The issue includes an exclusive interview with artist Olafur Eliasson, a conversation between musician and producer Baba Stilitz and author Natasha Stagg, a special feature by artist and bread maker Lexie Smith, and an interview with Carole Baskin, star of the first lockdown favorite Tiger King, and more.
Read our interview with both Frida and Nora about Nuda:Terra.
Have you personally connected differently to nature over the last year? What kept you going during the pandemic?
F: I mean lately not so much. It’s winter, lockdown and in Stockholm, we’ve seen the sun twice since the beginning of November. But I think that’s why we are longing.
N: The pandemic has put us in cages in a way, and we want to break free and be wild again. In general, I think many people have turned to nature during the pandemic. Outside has been safe, and we have been wanting to get away from big crowds, into the sort of refuge that nature can bring. I think th pandemic also made us look differently at our society. Slowly we felt that a lot of the securities we had were breaking down in front of us and I think it made us urge more independence instead of interdependence. I think moving closer to nature is a call for that independence, where you, in theory at least, don’t have to rely on society for stuff such as food or supplies.
F: Generally I think this longing for nature, or making bread and kombucha comes from us realizing that we live in a society that makes us more and more dependent and incapable of taking care of ourselves, and seeing that society failing us, being unfair or collapsing in different ways.
What are ways to feel closer to nature/the earth, if you live in a big city?
N: Maybe this idea about the binary city/nature is a bit faulty to begin with. I once made an interview with the artist Tomas Saraceno who made me acknowledge the house spiders in my flat as a part of nature that we should embrace. We are always in nature, there is no way to remove it – and that idea could maybe make us realize a lot of what is going on in cities, such as crazy consumption and building nature away is a bit fucked. Just looking at the sun I think can connect you with nature.
Which plants do you keep in your apartment?
F: Only immortals. Neither of us are especially interested in plants to be honest.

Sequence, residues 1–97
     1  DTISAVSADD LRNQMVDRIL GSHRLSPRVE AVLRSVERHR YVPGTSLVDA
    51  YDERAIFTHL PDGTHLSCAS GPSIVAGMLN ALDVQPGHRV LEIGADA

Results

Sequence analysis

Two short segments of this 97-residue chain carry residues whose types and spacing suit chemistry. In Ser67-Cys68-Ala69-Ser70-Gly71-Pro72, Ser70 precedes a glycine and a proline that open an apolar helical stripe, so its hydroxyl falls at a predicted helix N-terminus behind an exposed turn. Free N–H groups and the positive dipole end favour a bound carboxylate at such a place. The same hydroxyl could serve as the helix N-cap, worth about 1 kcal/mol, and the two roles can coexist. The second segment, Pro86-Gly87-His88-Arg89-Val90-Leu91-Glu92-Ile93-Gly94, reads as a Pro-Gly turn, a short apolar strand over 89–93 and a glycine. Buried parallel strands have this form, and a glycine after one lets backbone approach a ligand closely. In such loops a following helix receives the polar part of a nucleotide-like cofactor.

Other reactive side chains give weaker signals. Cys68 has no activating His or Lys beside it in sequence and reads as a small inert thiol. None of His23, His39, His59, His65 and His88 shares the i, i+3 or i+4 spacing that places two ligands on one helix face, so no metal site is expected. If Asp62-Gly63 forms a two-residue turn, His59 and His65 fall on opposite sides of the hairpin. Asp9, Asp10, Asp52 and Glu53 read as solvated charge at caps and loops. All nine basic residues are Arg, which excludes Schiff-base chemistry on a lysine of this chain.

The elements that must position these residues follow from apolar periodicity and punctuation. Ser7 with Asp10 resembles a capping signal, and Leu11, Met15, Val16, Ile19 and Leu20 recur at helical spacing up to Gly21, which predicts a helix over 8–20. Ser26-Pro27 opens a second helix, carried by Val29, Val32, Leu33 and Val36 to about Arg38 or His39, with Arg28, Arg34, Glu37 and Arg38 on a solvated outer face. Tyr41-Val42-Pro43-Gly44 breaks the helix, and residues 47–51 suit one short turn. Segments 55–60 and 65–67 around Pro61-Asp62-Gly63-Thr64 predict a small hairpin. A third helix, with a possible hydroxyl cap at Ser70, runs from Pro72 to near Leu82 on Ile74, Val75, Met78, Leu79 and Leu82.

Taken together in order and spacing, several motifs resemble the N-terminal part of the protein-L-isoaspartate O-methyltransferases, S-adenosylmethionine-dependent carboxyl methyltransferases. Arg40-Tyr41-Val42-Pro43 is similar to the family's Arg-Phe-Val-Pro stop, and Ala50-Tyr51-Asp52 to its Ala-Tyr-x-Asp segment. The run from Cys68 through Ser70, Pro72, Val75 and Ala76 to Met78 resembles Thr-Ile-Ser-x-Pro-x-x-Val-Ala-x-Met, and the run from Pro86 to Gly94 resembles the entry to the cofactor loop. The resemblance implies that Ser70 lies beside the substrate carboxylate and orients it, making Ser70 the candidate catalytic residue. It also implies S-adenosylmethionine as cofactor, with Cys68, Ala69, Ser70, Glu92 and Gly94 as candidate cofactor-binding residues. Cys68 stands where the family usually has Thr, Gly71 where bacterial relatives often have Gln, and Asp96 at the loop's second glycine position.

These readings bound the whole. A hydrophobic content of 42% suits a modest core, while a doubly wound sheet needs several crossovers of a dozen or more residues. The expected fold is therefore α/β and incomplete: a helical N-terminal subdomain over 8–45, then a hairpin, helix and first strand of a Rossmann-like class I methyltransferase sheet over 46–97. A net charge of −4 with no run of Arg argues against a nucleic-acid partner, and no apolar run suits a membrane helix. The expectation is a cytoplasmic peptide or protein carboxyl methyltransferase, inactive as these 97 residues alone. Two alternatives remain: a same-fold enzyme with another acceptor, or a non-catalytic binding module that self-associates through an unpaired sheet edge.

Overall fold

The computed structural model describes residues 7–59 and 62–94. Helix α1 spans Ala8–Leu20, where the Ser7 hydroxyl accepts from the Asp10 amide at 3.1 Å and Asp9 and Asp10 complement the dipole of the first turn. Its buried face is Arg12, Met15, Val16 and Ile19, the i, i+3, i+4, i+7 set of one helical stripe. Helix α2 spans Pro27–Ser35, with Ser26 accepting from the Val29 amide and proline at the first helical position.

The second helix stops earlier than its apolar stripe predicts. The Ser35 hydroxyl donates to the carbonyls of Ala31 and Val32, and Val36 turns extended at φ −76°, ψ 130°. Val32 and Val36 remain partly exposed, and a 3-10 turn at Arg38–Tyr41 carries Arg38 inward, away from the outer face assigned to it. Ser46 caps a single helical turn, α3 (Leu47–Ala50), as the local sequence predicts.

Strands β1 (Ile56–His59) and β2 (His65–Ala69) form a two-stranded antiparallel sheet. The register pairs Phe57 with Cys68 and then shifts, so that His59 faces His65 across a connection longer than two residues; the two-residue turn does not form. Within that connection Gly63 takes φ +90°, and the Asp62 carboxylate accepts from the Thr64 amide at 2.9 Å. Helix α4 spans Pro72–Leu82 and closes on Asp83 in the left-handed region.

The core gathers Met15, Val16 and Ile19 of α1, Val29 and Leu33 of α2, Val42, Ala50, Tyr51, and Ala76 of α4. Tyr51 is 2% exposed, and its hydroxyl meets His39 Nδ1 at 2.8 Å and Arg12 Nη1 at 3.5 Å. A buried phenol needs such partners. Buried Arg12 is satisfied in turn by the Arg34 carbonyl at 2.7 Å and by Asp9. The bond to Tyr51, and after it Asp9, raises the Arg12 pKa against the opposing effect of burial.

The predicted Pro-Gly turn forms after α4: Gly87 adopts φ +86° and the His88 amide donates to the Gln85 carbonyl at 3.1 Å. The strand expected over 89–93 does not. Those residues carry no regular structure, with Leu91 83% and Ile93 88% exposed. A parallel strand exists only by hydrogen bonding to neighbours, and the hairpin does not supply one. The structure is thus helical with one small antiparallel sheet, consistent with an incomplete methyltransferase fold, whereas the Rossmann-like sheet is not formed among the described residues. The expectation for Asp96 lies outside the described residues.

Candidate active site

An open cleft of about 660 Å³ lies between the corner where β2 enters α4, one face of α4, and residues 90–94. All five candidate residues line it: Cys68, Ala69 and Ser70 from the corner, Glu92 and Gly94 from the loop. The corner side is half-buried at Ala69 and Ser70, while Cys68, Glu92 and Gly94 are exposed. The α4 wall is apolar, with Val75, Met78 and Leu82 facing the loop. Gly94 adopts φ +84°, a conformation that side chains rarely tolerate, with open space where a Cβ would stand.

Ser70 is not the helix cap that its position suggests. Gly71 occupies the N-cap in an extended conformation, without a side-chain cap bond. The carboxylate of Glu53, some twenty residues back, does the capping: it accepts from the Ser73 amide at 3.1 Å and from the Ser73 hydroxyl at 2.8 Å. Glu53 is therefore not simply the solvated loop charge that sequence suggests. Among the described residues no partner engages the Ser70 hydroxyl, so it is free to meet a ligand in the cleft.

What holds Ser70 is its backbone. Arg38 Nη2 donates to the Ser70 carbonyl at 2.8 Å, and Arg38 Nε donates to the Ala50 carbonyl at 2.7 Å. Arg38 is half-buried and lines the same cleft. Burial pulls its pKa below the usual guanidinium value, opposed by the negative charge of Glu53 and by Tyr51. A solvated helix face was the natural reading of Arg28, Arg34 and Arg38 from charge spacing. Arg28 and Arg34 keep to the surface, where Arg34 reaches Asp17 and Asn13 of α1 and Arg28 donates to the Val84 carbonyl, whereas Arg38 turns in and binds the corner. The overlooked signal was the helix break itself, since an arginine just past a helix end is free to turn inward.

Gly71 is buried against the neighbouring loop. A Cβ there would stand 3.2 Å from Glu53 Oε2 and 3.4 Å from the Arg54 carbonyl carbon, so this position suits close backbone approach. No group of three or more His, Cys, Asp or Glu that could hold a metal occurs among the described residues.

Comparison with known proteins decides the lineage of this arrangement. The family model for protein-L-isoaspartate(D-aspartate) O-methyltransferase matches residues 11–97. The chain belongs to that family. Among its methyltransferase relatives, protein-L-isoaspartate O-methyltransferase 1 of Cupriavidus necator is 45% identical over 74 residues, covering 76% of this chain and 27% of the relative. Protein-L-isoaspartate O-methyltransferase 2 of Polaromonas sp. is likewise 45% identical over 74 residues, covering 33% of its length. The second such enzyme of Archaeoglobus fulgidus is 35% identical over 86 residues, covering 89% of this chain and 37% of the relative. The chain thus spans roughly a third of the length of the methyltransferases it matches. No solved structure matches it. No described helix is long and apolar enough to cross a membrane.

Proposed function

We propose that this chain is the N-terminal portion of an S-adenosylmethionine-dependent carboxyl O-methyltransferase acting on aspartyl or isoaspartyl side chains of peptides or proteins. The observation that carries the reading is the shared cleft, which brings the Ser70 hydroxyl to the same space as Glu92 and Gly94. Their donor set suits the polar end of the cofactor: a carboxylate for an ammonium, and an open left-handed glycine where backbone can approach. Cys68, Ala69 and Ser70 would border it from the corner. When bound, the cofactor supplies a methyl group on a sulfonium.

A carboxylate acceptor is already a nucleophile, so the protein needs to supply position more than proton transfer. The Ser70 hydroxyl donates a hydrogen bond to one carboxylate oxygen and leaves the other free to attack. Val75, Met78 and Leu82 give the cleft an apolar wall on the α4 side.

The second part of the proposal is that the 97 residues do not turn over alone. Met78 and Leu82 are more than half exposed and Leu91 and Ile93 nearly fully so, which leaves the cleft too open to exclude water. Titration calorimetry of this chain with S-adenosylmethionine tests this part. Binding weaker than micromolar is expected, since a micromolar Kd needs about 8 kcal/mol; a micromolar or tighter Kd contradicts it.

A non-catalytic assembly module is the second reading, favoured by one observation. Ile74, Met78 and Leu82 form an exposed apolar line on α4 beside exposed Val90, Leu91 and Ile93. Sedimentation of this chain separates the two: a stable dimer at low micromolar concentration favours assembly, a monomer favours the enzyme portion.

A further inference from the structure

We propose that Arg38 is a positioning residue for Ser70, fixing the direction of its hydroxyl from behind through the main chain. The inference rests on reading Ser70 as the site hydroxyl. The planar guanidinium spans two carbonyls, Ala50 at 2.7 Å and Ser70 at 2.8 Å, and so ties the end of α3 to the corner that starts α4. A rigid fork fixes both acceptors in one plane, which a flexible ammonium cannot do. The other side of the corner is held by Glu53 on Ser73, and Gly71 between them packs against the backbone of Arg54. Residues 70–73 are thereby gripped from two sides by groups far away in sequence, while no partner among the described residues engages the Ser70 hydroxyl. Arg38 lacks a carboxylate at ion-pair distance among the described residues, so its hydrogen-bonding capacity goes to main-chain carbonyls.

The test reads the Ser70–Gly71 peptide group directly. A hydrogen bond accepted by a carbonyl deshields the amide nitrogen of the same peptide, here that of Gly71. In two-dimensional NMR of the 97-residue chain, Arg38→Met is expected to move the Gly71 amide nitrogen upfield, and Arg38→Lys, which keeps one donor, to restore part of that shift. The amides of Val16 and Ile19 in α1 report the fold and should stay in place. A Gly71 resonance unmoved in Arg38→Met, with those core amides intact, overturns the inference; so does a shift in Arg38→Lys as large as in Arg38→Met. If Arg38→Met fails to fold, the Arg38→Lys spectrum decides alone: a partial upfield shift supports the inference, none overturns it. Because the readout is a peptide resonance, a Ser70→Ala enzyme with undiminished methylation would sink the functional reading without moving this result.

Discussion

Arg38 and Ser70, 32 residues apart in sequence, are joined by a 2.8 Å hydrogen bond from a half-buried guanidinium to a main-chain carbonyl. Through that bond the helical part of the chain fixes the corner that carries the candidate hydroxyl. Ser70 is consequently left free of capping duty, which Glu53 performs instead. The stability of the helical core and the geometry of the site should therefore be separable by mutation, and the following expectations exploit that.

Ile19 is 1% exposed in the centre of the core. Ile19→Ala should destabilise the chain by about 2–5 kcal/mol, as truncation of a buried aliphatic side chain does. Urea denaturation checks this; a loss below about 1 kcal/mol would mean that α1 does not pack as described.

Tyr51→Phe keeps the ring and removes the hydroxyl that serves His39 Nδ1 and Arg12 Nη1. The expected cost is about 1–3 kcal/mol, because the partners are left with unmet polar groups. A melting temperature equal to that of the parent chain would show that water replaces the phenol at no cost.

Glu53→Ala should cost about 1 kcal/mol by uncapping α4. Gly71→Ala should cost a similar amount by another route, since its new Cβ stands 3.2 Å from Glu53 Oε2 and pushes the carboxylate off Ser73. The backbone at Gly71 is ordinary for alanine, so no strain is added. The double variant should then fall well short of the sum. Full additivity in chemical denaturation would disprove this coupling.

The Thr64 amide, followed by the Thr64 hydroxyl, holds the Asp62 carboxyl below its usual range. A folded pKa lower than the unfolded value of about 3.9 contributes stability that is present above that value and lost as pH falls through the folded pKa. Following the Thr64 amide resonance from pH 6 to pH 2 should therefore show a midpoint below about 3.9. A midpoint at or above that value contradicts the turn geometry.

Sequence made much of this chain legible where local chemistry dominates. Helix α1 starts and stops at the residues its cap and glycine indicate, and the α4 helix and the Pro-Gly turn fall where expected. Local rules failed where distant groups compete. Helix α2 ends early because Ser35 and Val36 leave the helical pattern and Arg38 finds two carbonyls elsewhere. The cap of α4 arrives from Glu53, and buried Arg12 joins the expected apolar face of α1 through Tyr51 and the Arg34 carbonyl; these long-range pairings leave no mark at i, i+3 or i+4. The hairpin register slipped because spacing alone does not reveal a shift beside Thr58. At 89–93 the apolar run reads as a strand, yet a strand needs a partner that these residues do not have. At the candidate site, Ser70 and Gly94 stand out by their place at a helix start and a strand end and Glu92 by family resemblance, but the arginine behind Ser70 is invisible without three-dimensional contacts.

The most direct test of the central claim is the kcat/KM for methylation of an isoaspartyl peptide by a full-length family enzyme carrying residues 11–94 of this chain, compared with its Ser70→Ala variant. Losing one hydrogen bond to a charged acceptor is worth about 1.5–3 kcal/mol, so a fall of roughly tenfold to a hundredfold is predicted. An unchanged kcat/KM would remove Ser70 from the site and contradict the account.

N: We embrace nature in other ways, such as giving in for instincts and pleasure.
What are your must-see documentaries about the climate-change?
F: I loved My Octopus Teacher on Netflix, about a filmmaker who befriends a wild octopus in the South African Kelp forest. It’s perhaps not climate-change in the wildfire and melting glaciers way, but about the fragility of life and humanity’s connection with nature. Supercute.
For which positive outcomes from the pandemic do you hope? Do you think the pandemic will change our habits in the long term? How?
F: I hope the pandemic made us more innovative in creating small worlds for ourselves that still feel fulfilling, even imaginative such. Hopefully, when we couldn’t look and grow outwards, we did so inwards insead, and I believe that could be just as rewarding.
N: My new year’s resolution is ‘don’t wait’ – because it feels like this year has been a lot of just unnecessary waiting for something else. You are where you are and you can always do or make something that you enjoy from that point, even if it’s just to read a book or learn to do the splits or whatever. Probably everybody will come out of lockdown like totally socially awkward since the social skills haven’t been practiced for a while now. Do you even remember how to approach somebody you don’t know anymore?
Baba Stilitz said in his interview: „Nowadays it’s so much about the aesthetic of things to the point where the actual content of culture seems irrelevant“. What are your opinions on that?
F: I agree very much so. We consume culture as pure “aesthetics” through quick scrolling of our Pinterest or Instagram feeds. It’s fun and cute, but it’s high carb eye candy. There is a high demand for image material due to the visual nature of social media, but it also becomes watered down when you lose the framing ideas behind different looks and aesthetics.
N: Nuda’s aim is to question shallow aesthetics, with the idea that beauty and thought should always come together. Context is as important and intriguing and I think we all yearn for some meaning beyond trend and visual pleasure. Capitalism made culture shallow and broke it down to mere essentials, and we want to instead nurture our curiosity and search for answers to the existential dilemmas that hunt every human being that is not completely braindead and numb.
Which things have to be considered making a successful independent print product these days?
F: Firstly, consider not doing it. If you can consider doing something else, do that. If not, be stubborn.
How did the idea come about to bring out books rather than conventional magazines?
F: We work with each issue for months, and then sell that issue for about a year. That means that we can’t cover news or trends, in the same way as a daily, weekly or monthly publication. It reflects the content a lot, we try to make publications that will be just as interesting to read today as a few years from now. We wanted that timelessness to be reflected in the physical product, to be objects fit to be kept for a long time. So much content is free online, so just selling content is pointless.
The last issue Beyond was about Space, this one about Earth, which worlds do you want to explore next?
N: We’ve been up in the blue, landed down on earth, the next step is to come even closer to home.